“There’s a number of reasons why,” he explained. “A trailer could be moved inside a metal building which would cause a disruption in reporting. And also, it could be a person who is familiar with Landstar and familiar with the systems, so they may be able to locate the system and disable it.”
UTT systems are also gaining acceptance here in Canada. Brad Aitken, director of business development with TransCore’s GlobalWave, says improvements in battery life and cost reductions have made the systems more attractive.
“We’ve been selling these systems for 10 years but in the last year or so, we’ve really seen an up-tick in the business,” he told Truck News. He noted batteries now can last five years or more. As recently as a few years ago, batteries tended to die after two or three years of use.
Surprisingly, it’s small-and medium-sized fleets that are the earliest adopters, he said, generally those that don’t have an in-cab tracking system in place and want a more cost-effective way to track their equipment.
Jamie Williams, president of PeopleNet Canada, which partners with AirIQ and SkyBitz to offer UTT solutions, confirmed “there’s an awful lot of interest in Canada.”
He added the main motivator for Canadian fleets is the ability to reduce their operating costs.
“The technology is giving them a better view of their assets at all times. If they have unused assets in their yards and at customer sites, it’s just a cost. They’re trying to drive out as many inefficiencies as possible and one is unused assets that aren’t moving and aren’t making them any money.”
Coastal Pacific Xpress of Surrey, B. C. had two purposes for adopting an untethered trailer tracking system.
“One is that we’re self-insured,” IT manager Clint Hall told Truck News. “And even more importantly, a lot of our trailers do sit in yards and we’re interlined so we have a lot of carriers touching our equipment.”
Using geofencing (the ability to map out an area and send an exception report when a trailer leaves that area), CPX established a number of landmarks.
“When a trailer is within that landmark for a certain amount of time, it sends a message saying ‘I’m here,'” Hall explained. CPX has been using untethered trailer tracking for more than a year. While Hall admitted it’s difficult to calculate an exact return-on-investment, he said the company is well past the evaluation stage and is confident it is benefiting from the use of the technology.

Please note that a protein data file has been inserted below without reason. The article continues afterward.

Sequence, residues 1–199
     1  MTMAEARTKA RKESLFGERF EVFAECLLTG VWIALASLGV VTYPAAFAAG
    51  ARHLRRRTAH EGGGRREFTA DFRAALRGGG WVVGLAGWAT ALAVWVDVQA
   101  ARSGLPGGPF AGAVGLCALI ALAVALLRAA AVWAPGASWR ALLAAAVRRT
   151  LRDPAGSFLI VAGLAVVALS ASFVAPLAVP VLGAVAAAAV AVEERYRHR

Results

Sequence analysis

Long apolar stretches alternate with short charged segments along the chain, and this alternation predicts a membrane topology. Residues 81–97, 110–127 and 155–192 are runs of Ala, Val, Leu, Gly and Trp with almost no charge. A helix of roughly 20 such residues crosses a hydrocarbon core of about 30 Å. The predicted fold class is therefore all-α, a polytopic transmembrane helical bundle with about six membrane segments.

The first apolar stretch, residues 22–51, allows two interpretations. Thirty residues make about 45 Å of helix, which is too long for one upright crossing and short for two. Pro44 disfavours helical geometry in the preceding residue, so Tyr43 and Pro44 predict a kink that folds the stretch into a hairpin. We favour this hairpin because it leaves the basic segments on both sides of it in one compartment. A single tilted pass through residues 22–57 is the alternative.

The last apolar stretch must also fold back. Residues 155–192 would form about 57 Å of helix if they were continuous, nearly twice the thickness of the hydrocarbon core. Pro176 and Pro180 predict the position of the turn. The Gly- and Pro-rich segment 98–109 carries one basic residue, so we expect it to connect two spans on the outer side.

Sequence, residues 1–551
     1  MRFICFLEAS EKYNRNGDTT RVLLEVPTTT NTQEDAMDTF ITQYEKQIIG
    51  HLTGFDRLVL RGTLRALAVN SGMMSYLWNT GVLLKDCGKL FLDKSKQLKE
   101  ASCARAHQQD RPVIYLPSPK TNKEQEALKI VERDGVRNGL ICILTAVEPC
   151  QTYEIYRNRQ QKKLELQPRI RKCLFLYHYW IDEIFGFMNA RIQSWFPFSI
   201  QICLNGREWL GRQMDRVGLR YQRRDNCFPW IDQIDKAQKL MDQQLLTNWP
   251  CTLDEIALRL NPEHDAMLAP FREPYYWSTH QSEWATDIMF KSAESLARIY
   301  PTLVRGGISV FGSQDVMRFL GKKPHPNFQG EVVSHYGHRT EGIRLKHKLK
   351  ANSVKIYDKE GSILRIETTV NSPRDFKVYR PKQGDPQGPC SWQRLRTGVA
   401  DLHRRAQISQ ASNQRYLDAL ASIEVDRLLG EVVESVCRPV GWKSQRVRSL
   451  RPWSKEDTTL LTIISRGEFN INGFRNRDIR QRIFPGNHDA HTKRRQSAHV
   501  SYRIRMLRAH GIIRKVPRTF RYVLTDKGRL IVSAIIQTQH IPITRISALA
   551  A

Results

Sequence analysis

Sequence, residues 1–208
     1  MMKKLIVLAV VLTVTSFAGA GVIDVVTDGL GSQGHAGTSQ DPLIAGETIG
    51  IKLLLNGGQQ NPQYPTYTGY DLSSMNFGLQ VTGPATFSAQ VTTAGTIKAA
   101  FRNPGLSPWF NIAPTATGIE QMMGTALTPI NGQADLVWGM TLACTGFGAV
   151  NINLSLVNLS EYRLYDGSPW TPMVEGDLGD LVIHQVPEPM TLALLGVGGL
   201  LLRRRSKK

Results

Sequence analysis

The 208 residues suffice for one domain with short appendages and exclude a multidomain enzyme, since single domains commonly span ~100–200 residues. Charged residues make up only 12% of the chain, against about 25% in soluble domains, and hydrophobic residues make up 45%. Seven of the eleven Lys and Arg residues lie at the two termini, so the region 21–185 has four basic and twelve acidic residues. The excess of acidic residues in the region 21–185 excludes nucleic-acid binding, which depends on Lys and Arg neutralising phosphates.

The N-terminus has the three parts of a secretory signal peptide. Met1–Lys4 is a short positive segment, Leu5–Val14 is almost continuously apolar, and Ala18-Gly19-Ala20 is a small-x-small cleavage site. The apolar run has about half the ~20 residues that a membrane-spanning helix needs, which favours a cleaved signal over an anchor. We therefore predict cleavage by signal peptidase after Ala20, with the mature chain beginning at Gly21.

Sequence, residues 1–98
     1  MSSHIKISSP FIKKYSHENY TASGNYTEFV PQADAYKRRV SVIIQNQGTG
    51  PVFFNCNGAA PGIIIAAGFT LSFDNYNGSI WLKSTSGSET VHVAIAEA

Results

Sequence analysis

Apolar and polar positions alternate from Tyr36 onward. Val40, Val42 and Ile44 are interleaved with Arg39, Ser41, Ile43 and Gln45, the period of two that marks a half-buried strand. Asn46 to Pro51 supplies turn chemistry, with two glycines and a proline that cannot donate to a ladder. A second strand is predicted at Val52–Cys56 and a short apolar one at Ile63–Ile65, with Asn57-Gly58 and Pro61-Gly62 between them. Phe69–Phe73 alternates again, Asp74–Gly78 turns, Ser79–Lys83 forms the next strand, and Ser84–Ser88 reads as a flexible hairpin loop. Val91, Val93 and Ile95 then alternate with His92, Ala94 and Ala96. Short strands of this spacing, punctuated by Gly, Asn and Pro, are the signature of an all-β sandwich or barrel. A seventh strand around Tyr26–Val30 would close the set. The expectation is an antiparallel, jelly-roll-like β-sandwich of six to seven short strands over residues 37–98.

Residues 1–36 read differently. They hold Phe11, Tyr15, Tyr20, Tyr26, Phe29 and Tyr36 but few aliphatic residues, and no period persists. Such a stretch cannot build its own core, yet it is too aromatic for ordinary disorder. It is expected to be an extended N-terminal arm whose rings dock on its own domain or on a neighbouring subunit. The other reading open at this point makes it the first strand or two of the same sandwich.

Similarly, Berry & Smith Trucking out of Penticton, B. C. has been rolling out a UTT program in its fleet. When contacted by Truck News, controller and IT manager Dorothy Vankoughnett, relayed the story of a trailer that was inadvertently hooked up and hauled off by a driver from another carrier.
Using its UTT system, Berry & Smith was able to locate the trailer in the other fleet’s yard – and was able to bill the company for the use of the trailer to boot.
“Had we not had the tracking, we wouldn’t have known where it was,” Vankoughnett said. “In the past, it has taken us a couple of weeks to find one of our trailers.”
The company has recently placed an order to equip the remainder of its van trailer fleet with the systems.
Establishing a payback on UTT systems isn’t easy, since there are many intangibles at play. How, for instance, can you measure the cost of the trailer thefts that didn’t happen because the system was in place?
TransCore’s Aitken said most fleets achieve a payback simply from downsizing their trailer fleet.
“We have one fleet that held off buying five new trailers in 2008,” he said. “One of our large
customers in the US held off buying 400 new trailers. They’re able to get more done with less equipment.”
For companies interested in implementing a UTT program, there’s no shortage of options. Popular providers include: SkyBitz; GE Trailer Fleet Services; TransCore; Shaw Tracking;GeoLogic Solutions; AirIQ; and Qualcomm, to name a few. Fleet managers should do their homework, since there are many variables to consider, including: battery life expectancy; size (can it be mounted covertly?); response time; and cost.